"I think I was six years old when I went to what they call the turnhalle, like a gymnasium – a very old, broken-down building. I could walk there alone and it was wonderful. Whatever I did I could do well: I skied, I skated, I swam. I could do anything without being taught.”
Gretel Bergmann, now 98, was a natural; one of those lucky people whose body could strengthen, contort, exert. She could have done anything – skiing, skating, swimming – but she chose the high jump. This was the 1930s, pre-Fosbury flop, so the high jump wasn’t yet a backwards arc, sprung from the heels. Pictures in the exhibition “Politics and Olympics” at the Free Word Centre in London show Gretel in shorts and a vest, striding over the bar like a giant, knees up by her nose or, as above, straddling the bar, legs out in front, arms propelling her movement. She seems improbably suspended in mid-air, like a puppet on strings.
Gretel, from the small town of Laupheim, turned out to be the best high-jumper in Germany. But she was a Jew. After Hitler came to power in 1933, she quickly became unwelcome at her sports club. “We were outcasts from the very beginning and there was nothing we could do about it,” she says on the phone from Queens, New York, where she lives. She was 19, and had planned to train to become a coach but her college – optimistically – told her to wait until “this thing blows over”.
Gretel came to London to study but, after a year, received a letter from the Nazi regime requesting that she return to join the country’s Olympic training camp. “They wanted me because so many had chosen not to come to the Olympics due to the discrimination against the Jews – [by asking me] the Nazis could show they weren’t discriminating.”
Still, she knew she would never be allowed to compete in the 1936 Games, to take place in Berlin. “If I could not go to the movies, why would they let me compete in front of 100,000 people?” In training, she was marginalised, ignored by many of the other athletes. The effect was angering, rather than belittling – an indication of Gretel’s fearsome will. Her reaction to the inevitable letter informing her that she hadn’t been selected for the team – “I did a lot of cursing” – was outrage, but “it wasn’t so much that I wanted to be in the Olympics, it was much more that, as a Jew, I wanted to show what a Jew could do.”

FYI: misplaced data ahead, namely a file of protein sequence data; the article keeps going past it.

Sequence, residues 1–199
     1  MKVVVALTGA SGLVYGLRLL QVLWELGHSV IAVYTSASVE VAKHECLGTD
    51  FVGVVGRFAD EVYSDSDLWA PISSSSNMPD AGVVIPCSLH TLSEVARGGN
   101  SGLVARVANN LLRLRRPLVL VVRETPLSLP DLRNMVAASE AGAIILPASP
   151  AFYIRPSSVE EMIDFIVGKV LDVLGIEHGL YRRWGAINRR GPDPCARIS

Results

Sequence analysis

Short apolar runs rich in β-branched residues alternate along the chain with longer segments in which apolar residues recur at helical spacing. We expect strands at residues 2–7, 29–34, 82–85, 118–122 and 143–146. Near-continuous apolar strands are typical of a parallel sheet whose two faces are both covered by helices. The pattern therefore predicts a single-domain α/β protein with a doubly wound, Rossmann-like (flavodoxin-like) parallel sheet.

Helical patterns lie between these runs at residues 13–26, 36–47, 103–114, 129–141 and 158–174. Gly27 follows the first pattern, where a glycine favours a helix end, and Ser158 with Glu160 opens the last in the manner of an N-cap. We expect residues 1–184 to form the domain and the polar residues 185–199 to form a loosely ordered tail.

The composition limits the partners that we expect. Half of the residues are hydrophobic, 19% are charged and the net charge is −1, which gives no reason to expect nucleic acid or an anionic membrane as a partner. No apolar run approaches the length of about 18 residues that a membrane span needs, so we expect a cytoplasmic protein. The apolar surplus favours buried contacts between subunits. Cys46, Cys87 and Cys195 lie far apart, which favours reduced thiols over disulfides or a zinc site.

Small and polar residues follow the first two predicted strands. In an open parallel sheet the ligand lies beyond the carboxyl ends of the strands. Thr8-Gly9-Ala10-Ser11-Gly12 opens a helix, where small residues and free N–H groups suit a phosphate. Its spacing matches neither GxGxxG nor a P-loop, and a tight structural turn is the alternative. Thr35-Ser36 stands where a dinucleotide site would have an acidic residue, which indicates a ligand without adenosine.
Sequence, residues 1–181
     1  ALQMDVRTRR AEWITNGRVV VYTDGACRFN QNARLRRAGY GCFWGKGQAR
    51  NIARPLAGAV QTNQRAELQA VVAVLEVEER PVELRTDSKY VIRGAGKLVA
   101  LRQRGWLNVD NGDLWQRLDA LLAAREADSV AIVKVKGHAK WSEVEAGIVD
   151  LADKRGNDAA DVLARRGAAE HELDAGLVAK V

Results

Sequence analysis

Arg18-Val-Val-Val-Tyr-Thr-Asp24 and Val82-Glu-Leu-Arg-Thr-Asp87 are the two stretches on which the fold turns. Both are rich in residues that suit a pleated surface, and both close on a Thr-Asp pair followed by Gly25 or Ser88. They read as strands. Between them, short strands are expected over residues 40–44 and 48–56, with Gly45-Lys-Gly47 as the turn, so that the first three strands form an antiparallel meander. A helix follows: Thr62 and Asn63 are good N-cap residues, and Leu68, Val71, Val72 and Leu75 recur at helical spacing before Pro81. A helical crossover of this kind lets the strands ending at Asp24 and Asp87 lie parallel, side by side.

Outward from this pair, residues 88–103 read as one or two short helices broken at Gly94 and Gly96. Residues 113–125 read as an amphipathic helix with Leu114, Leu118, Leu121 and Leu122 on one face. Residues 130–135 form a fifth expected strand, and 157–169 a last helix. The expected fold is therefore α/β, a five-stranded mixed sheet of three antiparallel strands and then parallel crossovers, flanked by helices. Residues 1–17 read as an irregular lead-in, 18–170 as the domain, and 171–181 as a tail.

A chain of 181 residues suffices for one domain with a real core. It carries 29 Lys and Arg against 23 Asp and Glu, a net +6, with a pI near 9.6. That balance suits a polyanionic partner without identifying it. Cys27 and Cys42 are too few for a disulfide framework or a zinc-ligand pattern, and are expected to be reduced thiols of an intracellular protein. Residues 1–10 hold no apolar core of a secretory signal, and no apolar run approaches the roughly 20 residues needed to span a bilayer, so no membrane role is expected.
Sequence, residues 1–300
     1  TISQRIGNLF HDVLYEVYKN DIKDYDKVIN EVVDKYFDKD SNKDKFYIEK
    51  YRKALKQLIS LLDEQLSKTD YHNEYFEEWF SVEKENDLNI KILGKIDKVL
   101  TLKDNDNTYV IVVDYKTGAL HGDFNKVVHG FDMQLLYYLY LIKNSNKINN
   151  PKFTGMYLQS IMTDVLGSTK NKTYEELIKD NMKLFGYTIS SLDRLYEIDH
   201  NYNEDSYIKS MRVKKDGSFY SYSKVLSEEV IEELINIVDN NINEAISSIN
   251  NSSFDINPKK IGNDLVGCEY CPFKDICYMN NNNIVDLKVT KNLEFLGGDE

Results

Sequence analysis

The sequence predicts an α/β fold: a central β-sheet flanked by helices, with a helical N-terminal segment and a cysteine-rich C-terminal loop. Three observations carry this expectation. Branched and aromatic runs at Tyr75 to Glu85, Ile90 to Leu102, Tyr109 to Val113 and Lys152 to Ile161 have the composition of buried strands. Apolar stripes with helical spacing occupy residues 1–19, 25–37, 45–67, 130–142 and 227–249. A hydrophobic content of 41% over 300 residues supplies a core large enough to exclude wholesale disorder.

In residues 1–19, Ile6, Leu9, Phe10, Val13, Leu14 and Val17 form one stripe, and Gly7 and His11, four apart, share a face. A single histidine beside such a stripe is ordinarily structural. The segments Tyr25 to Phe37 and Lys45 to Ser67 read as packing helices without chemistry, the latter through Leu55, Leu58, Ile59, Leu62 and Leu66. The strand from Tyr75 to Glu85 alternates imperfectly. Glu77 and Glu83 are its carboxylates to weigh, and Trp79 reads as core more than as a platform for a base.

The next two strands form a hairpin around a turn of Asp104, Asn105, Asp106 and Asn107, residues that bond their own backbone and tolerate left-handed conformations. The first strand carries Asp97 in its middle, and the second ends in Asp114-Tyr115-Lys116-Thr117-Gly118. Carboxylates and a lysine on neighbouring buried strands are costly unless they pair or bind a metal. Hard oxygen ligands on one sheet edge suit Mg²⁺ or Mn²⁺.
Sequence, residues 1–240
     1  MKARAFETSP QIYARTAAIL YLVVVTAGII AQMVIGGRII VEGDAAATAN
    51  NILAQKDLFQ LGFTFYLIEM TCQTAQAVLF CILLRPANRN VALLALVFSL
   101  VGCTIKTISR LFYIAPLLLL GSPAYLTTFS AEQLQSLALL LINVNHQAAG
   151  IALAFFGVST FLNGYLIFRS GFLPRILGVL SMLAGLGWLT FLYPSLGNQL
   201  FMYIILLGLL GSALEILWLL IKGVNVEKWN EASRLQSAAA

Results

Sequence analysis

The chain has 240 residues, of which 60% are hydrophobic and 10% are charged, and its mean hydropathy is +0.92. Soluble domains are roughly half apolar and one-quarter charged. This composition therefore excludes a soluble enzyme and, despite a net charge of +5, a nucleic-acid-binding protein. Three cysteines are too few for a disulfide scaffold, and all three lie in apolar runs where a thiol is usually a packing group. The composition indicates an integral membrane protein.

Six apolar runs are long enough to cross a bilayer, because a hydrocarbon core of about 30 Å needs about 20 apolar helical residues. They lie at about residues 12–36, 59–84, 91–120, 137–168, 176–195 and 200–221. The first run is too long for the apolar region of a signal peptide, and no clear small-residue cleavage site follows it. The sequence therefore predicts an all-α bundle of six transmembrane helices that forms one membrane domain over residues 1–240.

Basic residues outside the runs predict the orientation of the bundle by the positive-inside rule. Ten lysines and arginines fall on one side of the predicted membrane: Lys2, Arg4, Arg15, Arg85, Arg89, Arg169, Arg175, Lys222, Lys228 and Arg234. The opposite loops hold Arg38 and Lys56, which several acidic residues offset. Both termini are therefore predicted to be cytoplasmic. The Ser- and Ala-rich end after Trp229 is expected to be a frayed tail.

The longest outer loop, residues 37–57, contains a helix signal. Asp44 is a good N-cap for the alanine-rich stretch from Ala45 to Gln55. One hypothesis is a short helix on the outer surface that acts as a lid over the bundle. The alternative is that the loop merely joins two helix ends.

And Gretel was the best, jumping 1.60m. Her only equal was her room-mate Dora. “You know about Dora?” she asks. I don’t know about Dora. “Oh, you’ve missed the biggest story yet!” Dora, it turned out, was a boy. “I had no idea she was male, except whenever I came home from training I would say, ‘Oh that Dora is such a weird girl, she would never come into the shower. How could she be so bashful at the age of 17?’” Dora was selected to compete, but came fourth. The winning height at the Games? 1.60m.
Gretel ignored the Games – easier to do then, without the stream of television imagery. In 1937, she managed to escape from Germany and moved to New York with her new husband, a long jumper she had met during training. She changed her first name, too – and so Gretel Bergmann erased her former, German self, and became an American, Margaret Lambert. For decades, Margaret had only the bitterest memories of the country of her birth – until she received a letter from a man in Laupheim who had unearthed her story. “He said, ‘This is terrible, and Germany owes you one!’ And we got to be very good friends and he made me hate the Germans less and less and less.”
So, reconciled, will she watch the Olympics this year? Maybe, but “I don’t like it because there’s too much money, too many injections – I don’t think it’s a good thing any more. When money’s involved it’s not sport. You should do it for the joy of it, and that’s what we did.”
“Politics and Olympics: Ideals and Realities” is at the Free Word Centre, London EC1, until 8 September